Cogitation 11 Saturday 17 March 2018 St Patrick’s Day reigns green today with parades, parties and religious festivals, both in Ireland and across the Irish diaspora.
Use of the Irish Gaelic language is one marker of the celebration. This religious and civic holiday marks the day Ireland’s patron saint died, some say in 460, others around 493.
I don’t know the extent of current religious observances, though that’s certainly the cause for celebrating the abducted Brit who brought Christianity to Ireland.
Briefly, at age 16, Patrick was kidnapped by Irish pirates from his home in Great Britain and taken to Ireland to work as a slave tending animals. Through prayer he became closer to God, opening the way for his conversion to Christianity.
After six years, he escaped his Irish slave holders and on a torturous journey found his way back to family in Great Britain.
In Europe he trained as a cleric and then returned to northern and western Ireland as a missionary, later serving as bishop.
Patrick is considered Ireland’s main patron saint, along with saints Brigit of Kildare and Columba. A patron saint, one source notes, is seen “as a heavenly advocate of values like nation, place, craft and family, among other things.”
Historians note that Patrick may have used the three-leaf clover to explain the Holy Trinity. I like the Irish proverb that adds a fourth leaf: “A good friend is like a four-leaf clover, hard to find and lucky to have.”
The Roman Catholic Church, the Greek Orthodox Church, the Anglican Communion, and the Lutheran Church observe the St Patrick Day Feast, even as the wider world celebrates high-spirited civic and cultural trappings of the day.
St Paddy quotes
From Adrienne Cook: “St Patrick’s Day is an enchanted time–a day to begin transforming winter’s dreams into summer’s magic.”
One of the well-known Irish blessings: “May the road rise up to meet you. May the wind be always at your back.”
Another: “May your troubles be less /And your blessings be more / And nothing but happiness / Come through your door.”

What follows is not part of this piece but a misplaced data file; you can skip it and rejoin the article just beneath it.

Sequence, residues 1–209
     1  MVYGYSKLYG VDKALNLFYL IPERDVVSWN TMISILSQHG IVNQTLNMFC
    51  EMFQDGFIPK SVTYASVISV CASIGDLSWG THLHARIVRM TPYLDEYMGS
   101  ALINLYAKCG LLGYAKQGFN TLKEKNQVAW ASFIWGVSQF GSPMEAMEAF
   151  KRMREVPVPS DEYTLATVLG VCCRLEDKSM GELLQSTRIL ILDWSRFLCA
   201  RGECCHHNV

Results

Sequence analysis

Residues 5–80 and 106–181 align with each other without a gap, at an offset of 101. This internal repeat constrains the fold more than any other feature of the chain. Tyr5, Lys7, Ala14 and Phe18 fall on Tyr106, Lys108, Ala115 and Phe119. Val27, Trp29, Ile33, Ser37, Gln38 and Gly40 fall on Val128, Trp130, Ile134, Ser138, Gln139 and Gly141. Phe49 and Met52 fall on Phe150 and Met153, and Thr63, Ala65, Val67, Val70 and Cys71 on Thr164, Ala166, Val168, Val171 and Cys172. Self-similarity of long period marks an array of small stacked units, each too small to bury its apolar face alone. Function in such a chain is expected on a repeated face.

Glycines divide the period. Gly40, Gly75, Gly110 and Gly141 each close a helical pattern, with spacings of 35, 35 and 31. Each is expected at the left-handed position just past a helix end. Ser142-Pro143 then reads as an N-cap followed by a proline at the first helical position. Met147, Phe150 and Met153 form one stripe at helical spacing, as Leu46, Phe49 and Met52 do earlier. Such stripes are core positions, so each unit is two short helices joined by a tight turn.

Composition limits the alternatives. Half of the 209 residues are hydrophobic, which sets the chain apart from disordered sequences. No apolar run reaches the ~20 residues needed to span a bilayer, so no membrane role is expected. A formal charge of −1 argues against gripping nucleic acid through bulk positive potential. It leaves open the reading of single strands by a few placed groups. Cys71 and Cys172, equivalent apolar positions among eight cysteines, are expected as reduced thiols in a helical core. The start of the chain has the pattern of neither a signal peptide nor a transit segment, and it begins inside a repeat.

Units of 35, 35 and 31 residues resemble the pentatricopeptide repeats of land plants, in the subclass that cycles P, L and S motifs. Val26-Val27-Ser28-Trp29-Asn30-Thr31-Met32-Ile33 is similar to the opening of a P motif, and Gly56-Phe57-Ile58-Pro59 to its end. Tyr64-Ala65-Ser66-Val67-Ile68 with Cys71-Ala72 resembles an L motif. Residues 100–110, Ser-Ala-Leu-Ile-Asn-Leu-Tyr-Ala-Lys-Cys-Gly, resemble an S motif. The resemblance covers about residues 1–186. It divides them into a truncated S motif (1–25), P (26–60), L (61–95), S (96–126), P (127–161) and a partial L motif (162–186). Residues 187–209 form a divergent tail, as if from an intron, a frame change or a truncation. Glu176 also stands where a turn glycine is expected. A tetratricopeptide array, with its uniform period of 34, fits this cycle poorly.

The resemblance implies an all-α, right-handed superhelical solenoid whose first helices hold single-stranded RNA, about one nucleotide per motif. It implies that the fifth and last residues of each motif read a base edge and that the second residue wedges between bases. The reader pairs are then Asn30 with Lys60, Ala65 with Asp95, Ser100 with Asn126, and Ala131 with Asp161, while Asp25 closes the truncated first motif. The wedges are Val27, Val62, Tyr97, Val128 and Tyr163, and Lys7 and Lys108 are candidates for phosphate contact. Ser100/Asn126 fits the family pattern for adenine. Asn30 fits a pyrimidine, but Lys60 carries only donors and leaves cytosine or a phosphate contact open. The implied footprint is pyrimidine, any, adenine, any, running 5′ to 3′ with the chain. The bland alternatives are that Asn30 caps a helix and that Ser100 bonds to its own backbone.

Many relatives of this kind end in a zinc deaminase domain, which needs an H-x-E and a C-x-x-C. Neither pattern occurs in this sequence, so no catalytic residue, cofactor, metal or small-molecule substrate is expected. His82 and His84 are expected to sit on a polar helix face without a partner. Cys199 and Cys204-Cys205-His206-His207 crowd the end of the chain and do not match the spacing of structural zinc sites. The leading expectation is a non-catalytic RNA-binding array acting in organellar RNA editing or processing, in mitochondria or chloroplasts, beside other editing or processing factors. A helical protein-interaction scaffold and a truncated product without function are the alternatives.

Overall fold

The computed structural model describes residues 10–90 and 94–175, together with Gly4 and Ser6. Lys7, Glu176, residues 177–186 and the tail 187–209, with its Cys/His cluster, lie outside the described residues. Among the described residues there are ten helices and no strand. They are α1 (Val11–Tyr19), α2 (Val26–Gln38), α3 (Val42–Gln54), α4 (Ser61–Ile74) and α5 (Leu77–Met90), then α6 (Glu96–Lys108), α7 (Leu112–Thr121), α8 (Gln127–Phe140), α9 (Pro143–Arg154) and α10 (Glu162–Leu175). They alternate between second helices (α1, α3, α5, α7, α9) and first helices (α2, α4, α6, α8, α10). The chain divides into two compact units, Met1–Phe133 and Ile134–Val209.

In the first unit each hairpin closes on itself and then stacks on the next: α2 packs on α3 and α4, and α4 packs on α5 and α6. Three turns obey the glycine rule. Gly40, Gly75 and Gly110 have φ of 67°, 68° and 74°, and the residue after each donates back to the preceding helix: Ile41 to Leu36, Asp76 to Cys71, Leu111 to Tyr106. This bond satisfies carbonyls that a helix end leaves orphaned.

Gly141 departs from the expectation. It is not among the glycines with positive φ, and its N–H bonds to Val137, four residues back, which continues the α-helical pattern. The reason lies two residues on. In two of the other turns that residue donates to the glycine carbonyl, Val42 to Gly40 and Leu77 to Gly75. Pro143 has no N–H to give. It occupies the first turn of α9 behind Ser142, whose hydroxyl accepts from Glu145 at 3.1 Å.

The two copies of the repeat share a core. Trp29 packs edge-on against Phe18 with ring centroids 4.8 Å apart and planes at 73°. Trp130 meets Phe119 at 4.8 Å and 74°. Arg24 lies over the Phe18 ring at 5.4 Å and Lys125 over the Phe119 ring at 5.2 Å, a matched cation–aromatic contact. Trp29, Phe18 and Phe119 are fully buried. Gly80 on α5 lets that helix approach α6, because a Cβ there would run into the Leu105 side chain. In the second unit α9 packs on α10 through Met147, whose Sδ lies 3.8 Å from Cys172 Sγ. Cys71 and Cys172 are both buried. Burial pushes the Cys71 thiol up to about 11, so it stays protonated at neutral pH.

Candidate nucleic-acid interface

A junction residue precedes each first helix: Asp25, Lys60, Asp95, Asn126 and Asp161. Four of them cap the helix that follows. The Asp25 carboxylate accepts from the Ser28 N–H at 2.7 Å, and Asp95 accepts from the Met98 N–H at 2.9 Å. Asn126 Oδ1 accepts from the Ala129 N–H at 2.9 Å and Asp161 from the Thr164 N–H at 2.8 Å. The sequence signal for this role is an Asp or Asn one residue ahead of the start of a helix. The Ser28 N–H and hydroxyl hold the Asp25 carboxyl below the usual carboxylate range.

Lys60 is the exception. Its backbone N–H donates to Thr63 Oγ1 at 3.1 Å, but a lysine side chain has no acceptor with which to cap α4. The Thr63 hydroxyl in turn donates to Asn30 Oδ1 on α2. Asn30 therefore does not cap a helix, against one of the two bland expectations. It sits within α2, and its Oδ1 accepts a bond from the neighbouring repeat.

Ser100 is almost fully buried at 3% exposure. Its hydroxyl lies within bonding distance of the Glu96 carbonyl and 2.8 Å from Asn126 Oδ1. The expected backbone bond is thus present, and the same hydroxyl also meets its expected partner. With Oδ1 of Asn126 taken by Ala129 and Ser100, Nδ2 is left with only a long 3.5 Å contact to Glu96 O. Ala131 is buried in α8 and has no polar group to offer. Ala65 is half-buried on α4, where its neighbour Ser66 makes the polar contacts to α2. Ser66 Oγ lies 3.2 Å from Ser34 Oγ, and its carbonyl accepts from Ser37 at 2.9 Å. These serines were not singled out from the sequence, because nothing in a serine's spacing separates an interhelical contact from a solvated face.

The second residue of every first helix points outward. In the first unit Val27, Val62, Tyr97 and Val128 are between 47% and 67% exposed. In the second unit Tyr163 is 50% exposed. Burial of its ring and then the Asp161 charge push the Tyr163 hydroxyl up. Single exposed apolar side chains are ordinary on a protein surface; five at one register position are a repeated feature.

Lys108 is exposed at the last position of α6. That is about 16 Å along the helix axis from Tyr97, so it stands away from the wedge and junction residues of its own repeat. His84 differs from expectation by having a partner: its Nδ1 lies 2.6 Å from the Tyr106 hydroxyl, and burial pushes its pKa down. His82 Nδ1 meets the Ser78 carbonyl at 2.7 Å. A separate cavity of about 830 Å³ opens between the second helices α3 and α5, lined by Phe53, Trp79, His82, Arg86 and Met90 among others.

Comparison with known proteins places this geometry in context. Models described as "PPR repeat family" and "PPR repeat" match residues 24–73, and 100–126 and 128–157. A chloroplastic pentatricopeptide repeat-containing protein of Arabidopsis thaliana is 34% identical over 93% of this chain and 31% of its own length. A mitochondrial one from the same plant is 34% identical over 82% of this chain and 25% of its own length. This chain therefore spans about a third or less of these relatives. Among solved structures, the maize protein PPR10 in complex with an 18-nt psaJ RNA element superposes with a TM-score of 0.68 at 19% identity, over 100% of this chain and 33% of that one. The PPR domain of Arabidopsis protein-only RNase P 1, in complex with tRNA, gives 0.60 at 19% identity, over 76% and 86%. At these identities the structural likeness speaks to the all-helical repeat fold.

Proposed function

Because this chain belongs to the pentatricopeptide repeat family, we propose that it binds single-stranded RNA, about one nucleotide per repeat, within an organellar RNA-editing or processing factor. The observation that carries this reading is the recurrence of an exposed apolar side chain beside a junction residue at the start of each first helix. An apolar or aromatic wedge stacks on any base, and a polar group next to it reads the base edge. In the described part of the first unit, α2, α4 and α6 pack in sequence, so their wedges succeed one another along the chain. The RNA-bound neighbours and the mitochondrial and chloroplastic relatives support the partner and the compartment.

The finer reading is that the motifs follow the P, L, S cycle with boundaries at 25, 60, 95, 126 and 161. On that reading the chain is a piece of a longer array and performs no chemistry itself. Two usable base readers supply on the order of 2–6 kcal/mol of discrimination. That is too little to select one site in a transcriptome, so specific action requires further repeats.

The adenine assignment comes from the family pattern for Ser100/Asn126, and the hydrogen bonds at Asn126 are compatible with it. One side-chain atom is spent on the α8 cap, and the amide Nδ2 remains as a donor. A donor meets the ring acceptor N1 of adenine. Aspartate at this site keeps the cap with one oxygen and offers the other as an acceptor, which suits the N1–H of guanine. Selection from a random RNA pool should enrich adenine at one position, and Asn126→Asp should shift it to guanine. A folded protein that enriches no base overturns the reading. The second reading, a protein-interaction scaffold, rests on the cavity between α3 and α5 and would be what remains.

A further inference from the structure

Here’s a tip of the hat to St Patrick!
From green Cornwall, a 40-second video tribute to St Paddy Day
You may need to let the video pause a few times while it plays. Why? To catch its breath maybe. Click on the video to play.
Cornwall Week: land of many colors, tastes and friends
The death of Stephen Hawking brings the life and work of a scientific genius into focus. Much can be mined from his work on black holes, his cautions on the rise of robots, his incredible achievements given severest physical limitations, and much more.
In recent posts I’ve mentioned mud, coming to terms with that sticky, slippery, suctioning stuff underfoot. It took reader Mary Mishler to remind me of the wider use of mud. She wrote, “I made some nice pots from ‘Glorified Mud.’ So it has its points!”
Indeed, mud does have its points. Here in Cornwall the Bernard Leach Pottery is celebrating 10 years since restoration. This world famous pottery brought together the influence of the East on the pottery of the West (Leach was born in Japan). It’s a lovely working pottery right here in St Ives.
Nice and easy. . . . Constraints of adverse weather might seem like a big limitation to rounding week on week. On the contrary, we’re seeing some ideal weather for walking. By living locally we can walk out from our front door, get on without a car, interact with people, attend church, use the library, explore the immediate area, do occasional day trips offered by friends, and anticipate at least one overnight trip down the road.
Go mud! Go green! Go Irish! “Take the world nice and easy, and the world will take you the same.” Irish proverb.